To hear Warner Music Group CEO/chairman Edgar Bronfman Jr. speak during the company's fiscal fourth quarter earnings call on Wednesday, you'd think that 2011 will be the year of the new music model. Two company names stood out during the call: Spotify and Google.

Even though digital growth for its full year was just 6%, Bronfman said WMG can "accelerate the rate of digital growth" through "well crafted business models that cater to consumer demand and fairly compensate content owners." Because WMG is focused on maintaining its margins, he said, "the moment we start to see lower headwinds or a little breeze at our back, our margins and our business should expand very, very quickly." Bronfman doesn't know exactly what quarter that momentum will arrive, but he sees "increasing signs that it's coming."

So which business models will provide the winds for WMG's sails? Bronfman disclosed that in October the company re-upped with Spotify for Europe. "We're pleased with the new agreement because we've long seen great promise in Spotify." Bronfman says the company "sees a number of opportunities" and pointed to "agreements with a number of other companies that we hope will come on line at least in calendar 2011."

Google could also be a major factor, Bronfman said. "We are very hopeful that significant companies -- Google among them -- will introduce services that would create very significant opportunity both for consumers and for the music industry," he said.

It's notable that Bronfman chose the term "significant companies" to describe the type of services WMG hopes to partner with in the near future. Until now, cloud-based models have lacked involvement from the types of established companies that now appear to be near launching services. Spotify is well funded, but it lacks the immediate potential of a service launched by the likes of Google or Apple. There have been a number of innovative entrants in recent years. To be sure, the failure of cloud-based services to catch on with mainstream consumers is not for a lack of trying. The lack of "significant" companies is likely a reason cloud-based services are not more popular.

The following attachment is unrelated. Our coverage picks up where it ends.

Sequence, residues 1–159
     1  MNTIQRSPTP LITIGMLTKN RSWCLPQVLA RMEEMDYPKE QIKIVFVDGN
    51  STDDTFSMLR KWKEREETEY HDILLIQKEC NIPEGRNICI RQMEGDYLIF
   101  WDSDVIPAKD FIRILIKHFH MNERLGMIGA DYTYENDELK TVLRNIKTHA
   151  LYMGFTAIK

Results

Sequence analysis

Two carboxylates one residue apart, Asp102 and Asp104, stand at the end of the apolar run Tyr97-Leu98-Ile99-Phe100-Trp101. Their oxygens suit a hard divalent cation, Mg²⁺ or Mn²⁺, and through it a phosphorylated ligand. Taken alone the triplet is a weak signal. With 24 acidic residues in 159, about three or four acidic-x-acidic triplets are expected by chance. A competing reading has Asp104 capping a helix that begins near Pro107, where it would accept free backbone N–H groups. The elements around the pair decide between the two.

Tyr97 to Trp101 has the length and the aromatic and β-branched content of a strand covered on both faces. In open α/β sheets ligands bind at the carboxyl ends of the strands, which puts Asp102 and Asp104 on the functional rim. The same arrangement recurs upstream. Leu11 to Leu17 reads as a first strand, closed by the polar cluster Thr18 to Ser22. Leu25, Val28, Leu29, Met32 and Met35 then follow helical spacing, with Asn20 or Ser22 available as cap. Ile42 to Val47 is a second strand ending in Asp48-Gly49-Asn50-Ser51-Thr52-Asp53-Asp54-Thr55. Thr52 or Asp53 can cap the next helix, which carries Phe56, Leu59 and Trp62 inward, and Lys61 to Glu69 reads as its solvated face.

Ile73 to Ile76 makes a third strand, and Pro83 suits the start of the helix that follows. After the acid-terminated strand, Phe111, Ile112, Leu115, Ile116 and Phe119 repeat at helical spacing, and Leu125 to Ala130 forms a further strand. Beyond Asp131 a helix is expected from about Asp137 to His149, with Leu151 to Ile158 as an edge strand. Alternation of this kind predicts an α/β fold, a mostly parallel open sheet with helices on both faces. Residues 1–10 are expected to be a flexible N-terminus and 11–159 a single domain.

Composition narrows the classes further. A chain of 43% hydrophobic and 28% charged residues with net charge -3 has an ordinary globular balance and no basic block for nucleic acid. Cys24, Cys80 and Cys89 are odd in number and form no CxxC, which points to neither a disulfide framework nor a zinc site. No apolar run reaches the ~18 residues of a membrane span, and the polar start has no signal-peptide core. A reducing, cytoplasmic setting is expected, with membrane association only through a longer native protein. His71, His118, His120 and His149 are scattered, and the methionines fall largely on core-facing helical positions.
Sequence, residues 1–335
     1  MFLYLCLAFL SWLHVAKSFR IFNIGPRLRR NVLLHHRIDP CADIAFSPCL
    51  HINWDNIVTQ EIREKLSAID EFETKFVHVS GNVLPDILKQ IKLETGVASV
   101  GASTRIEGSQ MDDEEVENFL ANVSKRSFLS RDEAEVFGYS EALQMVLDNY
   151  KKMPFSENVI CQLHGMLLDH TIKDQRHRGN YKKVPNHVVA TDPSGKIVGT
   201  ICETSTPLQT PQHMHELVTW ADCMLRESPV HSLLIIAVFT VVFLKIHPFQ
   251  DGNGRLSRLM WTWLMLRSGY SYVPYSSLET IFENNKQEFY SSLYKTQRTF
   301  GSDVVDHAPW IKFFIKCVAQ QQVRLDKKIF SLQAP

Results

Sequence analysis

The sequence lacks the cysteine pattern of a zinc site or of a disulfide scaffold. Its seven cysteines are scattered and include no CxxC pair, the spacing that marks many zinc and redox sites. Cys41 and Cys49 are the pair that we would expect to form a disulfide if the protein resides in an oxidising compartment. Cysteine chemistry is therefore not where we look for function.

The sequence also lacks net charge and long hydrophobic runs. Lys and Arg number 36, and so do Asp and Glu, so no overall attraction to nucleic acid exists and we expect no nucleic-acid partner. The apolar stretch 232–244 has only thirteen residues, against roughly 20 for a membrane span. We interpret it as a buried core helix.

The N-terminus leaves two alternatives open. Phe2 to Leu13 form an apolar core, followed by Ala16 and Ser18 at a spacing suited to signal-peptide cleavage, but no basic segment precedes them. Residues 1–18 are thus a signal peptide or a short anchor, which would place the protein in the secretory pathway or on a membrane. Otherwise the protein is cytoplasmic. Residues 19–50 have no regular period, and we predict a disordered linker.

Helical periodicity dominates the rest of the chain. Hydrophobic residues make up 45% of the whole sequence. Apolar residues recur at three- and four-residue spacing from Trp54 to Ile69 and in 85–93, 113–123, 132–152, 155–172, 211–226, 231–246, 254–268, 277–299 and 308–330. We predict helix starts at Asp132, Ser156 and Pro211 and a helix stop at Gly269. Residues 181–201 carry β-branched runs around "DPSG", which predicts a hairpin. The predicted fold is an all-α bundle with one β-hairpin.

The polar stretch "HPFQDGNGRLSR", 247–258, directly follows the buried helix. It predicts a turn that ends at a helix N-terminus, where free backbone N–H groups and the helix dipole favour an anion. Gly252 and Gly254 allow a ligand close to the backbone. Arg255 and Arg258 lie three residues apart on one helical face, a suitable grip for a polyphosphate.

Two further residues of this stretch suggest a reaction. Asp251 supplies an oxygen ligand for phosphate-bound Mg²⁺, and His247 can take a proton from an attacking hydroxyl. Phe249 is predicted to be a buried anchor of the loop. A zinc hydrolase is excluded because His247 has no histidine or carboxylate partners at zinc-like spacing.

So if we examine Bronfman's statements, we are lead to believe companies of the caliber of Spotify, Google and Apple (which was not mentioned by name in this context) will drive the acceleration of major labels' digital revenues. Rhapsody, MOG, Rdio, Thumbplay and others have all launched innovative, cloud-based services, but these are not the "significant companies" that are expected to bring digital growth.
Read further between the lines and you could come to the conclusion that services by these companies are expected to launch in the United States by next year. After all, increased growth in digital revenue would require the active participation of the world's largest music market.

The earnings call started with an overview of the company's transition that turned attention away from a weak financial performance. The company has moved away from the CD and diversified its revenue mix, said Bronfman, in order to return to grow (although growth has not been attained). Digital and non-tradition revenue grew to nearly 40% of total revenues in the quarter. Non-traditional revenue was 13% of total revenue for quarter and 10% for the full year. Non-traditional revenue accounts for sources such as sponsorships, ticketing, artist management, fan clubs and merchandise.

Full-year revenues dropped 7% to $2.98 billion and net loss was $145 million on the year and $46 million for the fiscal fourth quarter (the period ended Sept. 30). For the full year, recorded music revenue dropped 9.2% to $2.46 billion, while music publishing revenue dropped 4.5% to $556 million.

Digital business "holds great promise" and is a "top priority," Bronfman said. Digital accounted for 40% of U.S. recorded music revenue, up from 36% last year. But within recorded music revenue, U.S. digital revenues were up only 2% while international was up 19%.

Additional comments from Bronfman:

-- On Viacom, which hopes to sell its Harmonix video game unit: "Neither 'Rock Band' nor 'Guitar Hero' nor others cause much revenue to accrue at Warner Music," so Viacom being in or out of the music business "is not going to move the needle at Warner Music."

-- On the Beatles' arrival to iTunes: "I would say the Beatles are the most iconic band of all time ... I don't know how impactful after 10 or 12 years of digital business their coming online to iTunes will be. But I think it will be helpful in driving more people to iTunes."

-- On WMG's new sync operations in Europe, which pushes songs for which WMG owns both rights: It has been "enormously effective for us."